The symptoms of panic disorder can be very confusing for many people. It is especially easy to confuse the intense body sensations with physical maladies such as a heart attack. Many of the people that I treat for panic attacks or anxiety attacks (two different ways of describing panic disorder) have been to the emergency room thinking that the overwhelming sensations that they were experiencing must surely be a life threatening physical problem. In fact, it is so hard for some people to accept that what they are feeling are the acute anxiety symptoms of panic disorder that they return to the emergency room again and again only to hear the same explanation. They are usually reassured that their heart is fine and they are sent home. Surprisingly, panic attack sufferers are not always told that they are experiencing panic disorder in the emergency room nor or they always referred for appropriate therapy. I have often been shocked at this. Fortunately, there are still many competent E.R. physicians who will explain about panic disorder to their patients and make an appropriate referral for psychotherapeutic treatment.
Part of the problem that leads to patient confusion is that we are designed to use the same nervous system to articulate both emotional distress and physical distress. Most people tend to think physical problem first. It is only after they are convinced that they are physically fine that they begin to accept the reality of how intense the symptoms of panic disorder can really be. These sudden overwhelming sensations have confused many panic disorder sufferers. They can include a sudden rush of physical discomfort and fear, chest pain, heart pounding, trembling or shaking, dizziness, sweating, hot flashes, nausea, breathlessness, a choking sensation, tingling, a fear of dying, losing control or going crazy.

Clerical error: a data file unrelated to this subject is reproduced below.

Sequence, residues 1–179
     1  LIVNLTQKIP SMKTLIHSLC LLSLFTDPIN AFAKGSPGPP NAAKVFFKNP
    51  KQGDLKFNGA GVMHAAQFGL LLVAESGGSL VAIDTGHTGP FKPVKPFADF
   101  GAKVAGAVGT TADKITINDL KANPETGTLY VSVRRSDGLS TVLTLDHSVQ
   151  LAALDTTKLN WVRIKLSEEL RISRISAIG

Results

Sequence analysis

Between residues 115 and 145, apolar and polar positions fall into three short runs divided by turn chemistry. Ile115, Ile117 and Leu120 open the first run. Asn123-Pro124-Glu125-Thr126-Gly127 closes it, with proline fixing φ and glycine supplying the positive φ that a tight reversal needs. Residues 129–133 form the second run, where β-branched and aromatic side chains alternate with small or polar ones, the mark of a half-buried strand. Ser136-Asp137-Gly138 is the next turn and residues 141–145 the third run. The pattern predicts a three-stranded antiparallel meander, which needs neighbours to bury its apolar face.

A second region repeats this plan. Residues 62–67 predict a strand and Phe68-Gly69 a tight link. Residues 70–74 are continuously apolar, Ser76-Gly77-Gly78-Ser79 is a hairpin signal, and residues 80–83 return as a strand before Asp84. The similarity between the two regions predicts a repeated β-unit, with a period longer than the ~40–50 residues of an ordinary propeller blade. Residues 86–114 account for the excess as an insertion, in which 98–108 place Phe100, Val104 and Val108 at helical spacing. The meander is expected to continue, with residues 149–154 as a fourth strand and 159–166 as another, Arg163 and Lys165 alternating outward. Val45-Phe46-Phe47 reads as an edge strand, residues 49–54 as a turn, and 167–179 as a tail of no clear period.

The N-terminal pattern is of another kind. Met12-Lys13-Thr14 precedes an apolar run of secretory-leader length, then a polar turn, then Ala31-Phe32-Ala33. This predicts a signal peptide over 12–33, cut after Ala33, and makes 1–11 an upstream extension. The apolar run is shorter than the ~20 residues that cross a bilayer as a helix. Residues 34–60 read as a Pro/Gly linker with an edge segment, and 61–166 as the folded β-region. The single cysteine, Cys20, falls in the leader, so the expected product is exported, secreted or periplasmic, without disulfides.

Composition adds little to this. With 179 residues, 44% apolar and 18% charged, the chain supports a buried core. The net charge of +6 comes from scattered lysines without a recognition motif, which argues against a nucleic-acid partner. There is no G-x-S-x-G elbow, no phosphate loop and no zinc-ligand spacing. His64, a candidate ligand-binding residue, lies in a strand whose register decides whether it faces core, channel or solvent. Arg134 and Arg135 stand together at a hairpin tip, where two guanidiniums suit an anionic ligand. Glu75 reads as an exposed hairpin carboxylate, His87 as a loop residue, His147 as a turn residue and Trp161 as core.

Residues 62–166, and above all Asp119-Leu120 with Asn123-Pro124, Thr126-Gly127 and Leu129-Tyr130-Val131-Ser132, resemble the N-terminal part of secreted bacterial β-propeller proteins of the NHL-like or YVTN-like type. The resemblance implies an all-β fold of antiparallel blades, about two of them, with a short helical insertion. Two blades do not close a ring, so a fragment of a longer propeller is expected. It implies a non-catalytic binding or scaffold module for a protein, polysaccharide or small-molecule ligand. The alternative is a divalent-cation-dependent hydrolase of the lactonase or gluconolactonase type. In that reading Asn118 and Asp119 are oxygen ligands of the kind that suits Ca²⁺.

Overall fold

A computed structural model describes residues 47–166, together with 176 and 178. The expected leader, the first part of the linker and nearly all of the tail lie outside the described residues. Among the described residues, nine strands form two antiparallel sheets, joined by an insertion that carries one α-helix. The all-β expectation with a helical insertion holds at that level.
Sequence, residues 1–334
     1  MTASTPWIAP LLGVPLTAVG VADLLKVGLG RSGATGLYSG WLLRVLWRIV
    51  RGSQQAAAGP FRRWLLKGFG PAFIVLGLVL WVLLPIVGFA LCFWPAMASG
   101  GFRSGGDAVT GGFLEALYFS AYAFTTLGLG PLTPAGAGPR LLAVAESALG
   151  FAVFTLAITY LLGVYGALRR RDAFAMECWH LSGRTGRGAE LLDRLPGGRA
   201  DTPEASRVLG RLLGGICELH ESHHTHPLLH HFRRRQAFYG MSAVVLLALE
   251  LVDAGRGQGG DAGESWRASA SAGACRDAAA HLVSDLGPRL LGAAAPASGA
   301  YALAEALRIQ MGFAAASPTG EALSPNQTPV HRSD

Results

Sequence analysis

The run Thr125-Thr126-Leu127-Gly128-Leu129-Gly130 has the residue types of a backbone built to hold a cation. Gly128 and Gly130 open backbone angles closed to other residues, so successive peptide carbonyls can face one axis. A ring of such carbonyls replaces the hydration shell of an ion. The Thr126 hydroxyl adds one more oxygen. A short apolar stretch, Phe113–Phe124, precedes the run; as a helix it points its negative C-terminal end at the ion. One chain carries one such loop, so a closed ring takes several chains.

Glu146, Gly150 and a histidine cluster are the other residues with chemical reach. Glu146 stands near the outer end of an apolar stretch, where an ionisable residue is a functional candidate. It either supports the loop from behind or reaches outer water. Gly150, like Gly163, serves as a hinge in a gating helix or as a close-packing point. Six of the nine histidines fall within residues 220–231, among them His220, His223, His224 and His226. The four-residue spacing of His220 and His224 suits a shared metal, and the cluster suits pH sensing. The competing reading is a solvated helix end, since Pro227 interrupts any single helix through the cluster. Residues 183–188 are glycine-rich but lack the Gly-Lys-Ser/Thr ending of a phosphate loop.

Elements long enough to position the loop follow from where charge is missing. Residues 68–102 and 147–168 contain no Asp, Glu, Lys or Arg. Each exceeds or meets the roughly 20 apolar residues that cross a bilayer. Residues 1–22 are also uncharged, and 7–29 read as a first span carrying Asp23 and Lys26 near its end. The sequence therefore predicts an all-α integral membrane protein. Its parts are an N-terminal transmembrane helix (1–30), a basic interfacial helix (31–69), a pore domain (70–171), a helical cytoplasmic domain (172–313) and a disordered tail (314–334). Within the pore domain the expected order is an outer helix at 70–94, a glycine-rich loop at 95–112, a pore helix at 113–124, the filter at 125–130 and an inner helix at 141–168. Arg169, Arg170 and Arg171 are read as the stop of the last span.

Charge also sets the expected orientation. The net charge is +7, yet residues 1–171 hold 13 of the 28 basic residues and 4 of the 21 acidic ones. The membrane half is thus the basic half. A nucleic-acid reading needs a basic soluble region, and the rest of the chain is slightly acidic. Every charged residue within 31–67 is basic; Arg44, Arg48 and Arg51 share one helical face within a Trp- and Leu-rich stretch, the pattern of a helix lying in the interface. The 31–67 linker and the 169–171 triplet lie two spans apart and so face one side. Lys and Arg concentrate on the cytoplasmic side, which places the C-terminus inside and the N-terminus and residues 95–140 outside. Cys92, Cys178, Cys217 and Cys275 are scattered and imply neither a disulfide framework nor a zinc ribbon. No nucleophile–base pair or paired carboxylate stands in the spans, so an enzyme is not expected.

Another part of the problem is that there has not been a simple way to assess panic disorder symptoms and severity. However, the good news is that there now is. M. Katherine Shear, M.D. has developed a short quiz that tests whether a person may have panic disorder or not. The inventory she developed is the Panic Disorder Severity Scale (PDSS). It is a self-report type of test that is quickly becoming a standard in the field in screening for panic disorder.
Dr. Shear has been kind enough to make her test available for clinicians and researchers to use in assessing panic attack and anxiety attack symptoms and severity. Please note that no single test alone can diagnosis whether someone has panic disorder. However, this scale may let you know that you need to seek a complete assessment, diagnosis and treatment from a licensed mental health professional.
Below, you will find the 7-question test that may begin to bring clarity about some of the intense anxiety symptoms that you have been experiencing. Take the test and add up your score. Hopefully, it can help you decide whether you need to seek professional help.
Panic Disorder Severity Scale (PDSS) – Self-Report Form
Several of the following questions refer to panic attacks and 'limited symptom attacks'. For this questionnaire we define a panic attack as 'a sudden rush of fear or discomfort accompanied by at least 4 of the intense anxiety symptoms listed below'.